The Eden boys volleyball team figures to get defensive every time it takes the court for a match this season, but it's not because the Raiders feel disrespected by their opponents.
The defending Class B intersectional champions would be upset with themselves if they didn't act this way during a match because letting an opponent's serve or spike attempt hit the floor without one or more Raiders keeping the point alive by any means necessary simply would be upsetting to the members of the program that's regarded as the best by all of Western New York's coaches.
"They just get touches on blocks and stuff and their defense is good enough to dig it to the guys they need to hit it," said Canisius coach Brian Lombardo, after his Crusaders lost to Eden in the semifinals of the 19th Clarence Invitational last Saturday in two not-so-close games. "All of their kids start (playing) at a young age so even if they don't keep on playing they've already developed the fundamentals at an early age."
Selling a defense-first philosophy isn't easy when dealing with adolescents anxious to prove their superiority aggressively on offense, but this mature Eden crew has shown it gets even more pleasure out of winning a point by transitioning into offense after digging out a seemingly irretrievable serve or spike attempt. It's a skill the Raiders flaunted often Saturday in winning their second straight Clarence Invitational. Eden beat Orchard Park, 23-25, 25-17, 15-11 to win the 16-team event that featured the area's top public and parochial school programs. The Quakers were the only team to win a game from the Raiders, but even that proved to be mentally and physically draining as the Raiders' relentlessness enabled them to win the big points that decide close matches the rest of the way.
"We love it," said junior setter Jake Waszak, who is one of five returning starters. "We see the looks on their faces when we get good digs, you can tell they're frustrated. You get a good dig off of someone and you run it in transition and you get a good kill, you can tell they're frustrated."
Defense is the key to success at the elite club level. It's also the winning formula for teams who play at a high level in California and Puerto Rico.
"Anybody can hit a ball, anybody can swing at the ball," said Raiders coach Robert Pierce, who runs the Eden Club Program with his older brother and girls' program pilot Stephen. "The team that plays defense and really makes it difficult for these teams who expect the points to come very easy, you wear them down.
"It's hard. The boys (usually) just want to go out and hit. They just want to go out and pound. They want to serve aces. To focus on defense, the finer points of the game and that philosophy, these guys have bought into. And I couldn't necessarily sell that to all my other teams but I'm really going to harp on it from now on because it seems to be pretty successful."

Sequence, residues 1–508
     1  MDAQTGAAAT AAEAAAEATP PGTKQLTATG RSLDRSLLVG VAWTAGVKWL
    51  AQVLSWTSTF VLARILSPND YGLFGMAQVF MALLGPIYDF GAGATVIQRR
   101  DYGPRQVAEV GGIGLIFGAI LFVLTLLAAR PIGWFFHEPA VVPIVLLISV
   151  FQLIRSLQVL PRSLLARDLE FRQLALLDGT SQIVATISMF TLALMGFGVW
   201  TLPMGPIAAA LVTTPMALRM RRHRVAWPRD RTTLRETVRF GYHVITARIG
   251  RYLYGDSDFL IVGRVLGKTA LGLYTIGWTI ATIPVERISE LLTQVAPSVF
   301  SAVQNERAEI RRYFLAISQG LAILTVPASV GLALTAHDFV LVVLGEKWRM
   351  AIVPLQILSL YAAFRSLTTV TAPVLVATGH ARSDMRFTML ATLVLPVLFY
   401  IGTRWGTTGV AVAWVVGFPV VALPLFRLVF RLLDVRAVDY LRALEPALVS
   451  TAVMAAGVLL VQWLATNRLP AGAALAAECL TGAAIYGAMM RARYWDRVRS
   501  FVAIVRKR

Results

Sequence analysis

And it appears to be a formula that could help the Raiders add to the 23 sectional and seven intersectional championships in their trophy case.
Eden graduated just two players, but one of them was All-Western New York selection Chad Proudman. Still, Robert Pierce said this is the easiest team he's had to coach in his eight seasons because he has so many technically sound players who are versatile.
The kingpin is the 5-foot-10 Waszak, who earned most valuable player honors at the Clarence Invitational after compiling 125 assists, 17 aces and 15 digs. Waszak, who had 38 assists and two aces against Orchard Park, trained for the second year in a row with the USA High Performance National Team, an honor bestowed upon the top 24 players in the nation.
Other returnees include 6-foot junior Thomas Klein, a good jumper who earned all-star honors at the Clarence Invitational. He finished the event with 77 kills, 33 digs and seven blocks. He is also in the Team USA Olympic pipeline as he trained with the developmental team that's a notch below the High Performance National Team. He also won a gold medal with the Empire State Games team. Junior libero Ed Dirosa (55 digs) and seniors Brian Baur (35 kills, 7 aces, 6 blocks) and Sam Beiter (22 digs) also performed well in the season-opening tournament.
Joe Norton is starting for the first time and the 6-4 junior compiled four of his team high 17 blocks in the Clarence Invitational against the Quakers.
"This is the team I'm most excited about," Pierce said. "They're driven. They have a lot of inner motivation and they really enjoy playing together and it's pretty evident when you watch. They're just all over the place. They're the most skilled, polished and focused team I've ever coached."